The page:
The impetus for the media industry’s new JIC (joint industry committee) is at least partly due to Nielsen’s inability to accurately measure TV viewing during the pandemic. For reasons that seem obvious, Nielsen couldn’t keep sample homes in-tab and the decline in sample caused a reduction in TV viewing estimates.
The problem was related to sample quality. At the same time, the JIC wants to open its certification to companies that are using less rigorous sample methodologies.
The data that comes in from TV distributors and manufacturers that comprise the basis for these companies’ measurement are neither a census nor a random sample. Moreover, the companies have yet to even apply for accreditation to the Media Rating Council (MRC), whose requirements which are tough even for Nielsen.
When you think about it, these facts don’t align.
If the “alt” companies’ -- which is now what they’re starting to be called -- samples aren’t random or a census, then what are they? If they’re not random or a census, they’re not representative of a population.
Their data samples are what some researchers might refer to as “convenience samples.” You get the name comes from the fact that their data is conveniently available.
The researchers don’t need to create a sample frame, call or visit lots of homes to ask people to participate or send out a lot of surveys. They simply collect it from TV set-top boxes or smart TVs.
There is no creation of a new sample frame with the data from each new census, no random choosing of census block groups or of homes on a block group. There are no rules that must be followed to use another home on the same block if a home drops out. You simply get what you get.
This is not to say convenience samples have no value. The sample sizes are enormous. They are fantastic for certain types of research, just not for traditional TV measurement. At least not as standalone services unsupported by panels.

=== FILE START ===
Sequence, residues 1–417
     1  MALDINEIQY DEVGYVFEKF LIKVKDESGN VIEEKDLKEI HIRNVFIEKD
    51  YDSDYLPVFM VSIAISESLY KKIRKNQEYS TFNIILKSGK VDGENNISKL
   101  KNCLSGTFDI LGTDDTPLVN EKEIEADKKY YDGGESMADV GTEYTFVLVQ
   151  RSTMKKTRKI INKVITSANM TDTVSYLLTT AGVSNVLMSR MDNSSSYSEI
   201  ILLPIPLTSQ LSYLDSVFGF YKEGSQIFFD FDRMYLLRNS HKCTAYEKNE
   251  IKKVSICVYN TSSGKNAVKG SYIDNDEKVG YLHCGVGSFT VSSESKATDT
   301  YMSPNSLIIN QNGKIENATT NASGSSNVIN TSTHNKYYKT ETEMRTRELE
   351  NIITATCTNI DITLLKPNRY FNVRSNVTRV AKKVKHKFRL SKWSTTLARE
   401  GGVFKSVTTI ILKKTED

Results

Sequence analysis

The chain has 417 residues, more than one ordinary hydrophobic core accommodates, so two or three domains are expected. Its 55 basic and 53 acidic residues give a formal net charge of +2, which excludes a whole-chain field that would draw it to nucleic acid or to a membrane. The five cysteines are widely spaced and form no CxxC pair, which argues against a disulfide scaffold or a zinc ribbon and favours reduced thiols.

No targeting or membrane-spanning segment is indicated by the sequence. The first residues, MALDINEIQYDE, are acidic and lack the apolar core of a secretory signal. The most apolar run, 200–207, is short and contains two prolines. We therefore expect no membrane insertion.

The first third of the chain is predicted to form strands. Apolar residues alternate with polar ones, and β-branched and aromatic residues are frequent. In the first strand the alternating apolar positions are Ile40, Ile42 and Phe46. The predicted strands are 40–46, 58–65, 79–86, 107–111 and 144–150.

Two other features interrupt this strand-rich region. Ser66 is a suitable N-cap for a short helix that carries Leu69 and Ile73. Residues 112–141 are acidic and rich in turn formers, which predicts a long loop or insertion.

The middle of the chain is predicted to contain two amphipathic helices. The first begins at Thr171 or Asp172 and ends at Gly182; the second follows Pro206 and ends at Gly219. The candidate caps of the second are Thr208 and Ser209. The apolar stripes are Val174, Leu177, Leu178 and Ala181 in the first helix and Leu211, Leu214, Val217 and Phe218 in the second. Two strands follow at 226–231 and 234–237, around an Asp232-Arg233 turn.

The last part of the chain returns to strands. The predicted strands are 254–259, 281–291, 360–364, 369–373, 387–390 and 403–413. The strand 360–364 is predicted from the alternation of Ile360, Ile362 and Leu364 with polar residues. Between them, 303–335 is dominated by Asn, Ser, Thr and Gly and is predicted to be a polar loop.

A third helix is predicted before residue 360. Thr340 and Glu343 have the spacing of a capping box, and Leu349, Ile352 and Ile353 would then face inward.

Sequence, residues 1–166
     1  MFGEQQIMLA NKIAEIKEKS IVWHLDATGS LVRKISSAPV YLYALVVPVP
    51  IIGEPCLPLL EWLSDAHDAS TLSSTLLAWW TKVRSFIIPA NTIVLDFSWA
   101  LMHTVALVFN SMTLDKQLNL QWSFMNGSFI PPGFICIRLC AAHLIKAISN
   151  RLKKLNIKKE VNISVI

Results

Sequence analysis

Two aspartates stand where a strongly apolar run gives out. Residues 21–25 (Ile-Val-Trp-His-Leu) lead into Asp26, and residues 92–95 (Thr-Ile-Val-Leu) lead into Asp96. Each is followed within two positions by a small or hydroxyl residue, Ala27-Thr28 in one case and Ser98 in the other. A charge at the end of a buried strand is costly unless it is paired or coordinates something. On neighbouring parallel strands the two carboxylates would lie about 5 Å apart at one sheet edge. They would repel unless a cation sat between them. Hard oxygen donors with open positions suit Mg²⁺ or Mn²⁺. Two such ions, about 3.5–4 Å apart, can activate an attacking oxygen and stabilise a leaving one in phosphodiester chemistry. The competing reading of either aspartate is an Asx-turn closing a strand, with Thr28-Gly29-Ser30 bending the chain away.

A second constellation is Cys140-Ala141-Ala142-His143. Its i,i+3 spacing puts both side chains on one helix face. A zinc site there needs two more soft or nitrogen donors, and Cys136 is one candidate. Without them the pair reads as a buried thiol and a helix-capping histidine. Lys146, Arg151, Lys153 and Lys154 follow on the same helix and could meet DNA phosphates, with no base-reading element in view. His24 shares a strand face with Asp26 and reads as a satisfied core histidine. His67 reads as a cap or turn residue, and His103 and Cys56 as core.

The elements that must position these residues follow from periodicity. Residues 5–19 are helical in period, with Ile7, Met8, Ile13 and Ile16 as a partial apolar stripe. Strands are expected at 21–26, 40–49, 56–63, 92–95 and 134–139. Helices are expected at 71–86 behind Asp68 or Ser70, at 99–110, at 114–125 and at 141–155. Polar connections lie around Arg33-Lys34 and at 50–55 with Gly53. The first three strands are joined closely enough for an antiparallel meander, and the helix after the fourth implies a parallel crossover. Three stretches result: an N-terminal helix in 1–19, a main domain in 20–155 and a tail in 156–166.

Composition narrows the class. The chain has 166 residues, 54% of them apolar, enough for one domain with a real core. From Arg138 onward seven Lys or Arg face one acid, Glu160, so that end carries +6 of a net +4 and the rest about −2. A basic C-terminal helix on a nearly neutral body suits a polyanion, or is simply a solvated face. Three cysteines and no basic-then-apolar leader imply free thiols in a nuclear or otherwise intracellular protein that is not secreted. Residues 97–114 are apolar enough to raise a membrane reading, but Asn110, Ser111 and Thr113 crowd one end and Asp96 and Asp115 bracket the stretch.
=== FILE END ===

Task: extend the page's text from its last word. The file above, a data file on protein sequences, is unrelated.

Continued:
Back in the day when ErinMedia and Nielsen were attempting to make TV ratings out of newly available TV set-top box data, there was another startup that didn’t believe the data was suitable for TV measurement. It instead believed that the best use of the data was for TV ad targeting and media return on investment research. The name of that company was TRA, which was acquired by TV and is now called TiVo Research.
If you’re not familiar with the company, TRA was started by the legendary Bill Harvey and his co-founder, Mark Lieberman.
Bill was a long-time Arbitron executive. He is often credited with having invented the area of dominant influence or ADI. He was the first winner of the Advertising Research Foundation’s (ARF’s) Erwin Ephron Demystification Award. The ARF’s highest honor. He beat out the legendary David Poltrack, CBS’ then Chief Research Officer, who won it the next year. It wouldn’t be a leap to say that he is the father of TV set-top box ad targeting. There is probably not a more respected researcher in all of media research.
This isn’t to bash the “alt” research companies, or for that matter, the use of convenience samples. Convenience samples are phenomenal for ad targeting. For this use, the data doesn’t need to be perfect. What you need is lots of highly granular data that enables the advertiser to send ads to homes with people who are most likely to respond to the advertising. You’re not measuring anything.
They’re also amazing for gauging return-on-media-investment. As TRA and TiVo Research taught us with their product when it first landed on the scene, you could double blind match large TV set-top box databases with purchase data from loyalty card programs and know exactly which homes were exposed to ads and which homes bought the product. This was and is done with no modeling. In research, it’s the Holy Grail – it’s as good as it gets.
The issue is that the JIC isn’t looking to use the “alt” research companies’ data in this way. It’s positioning it as a Nielsen replacement for currency measurement.
Unless the industry is planning to change the basis for how it transacts business from cost-per-thousand (CPM) to some other metric based on conversion, convenience samples by themselves are not a good replacement for a proper, randomly chosen, probability sample.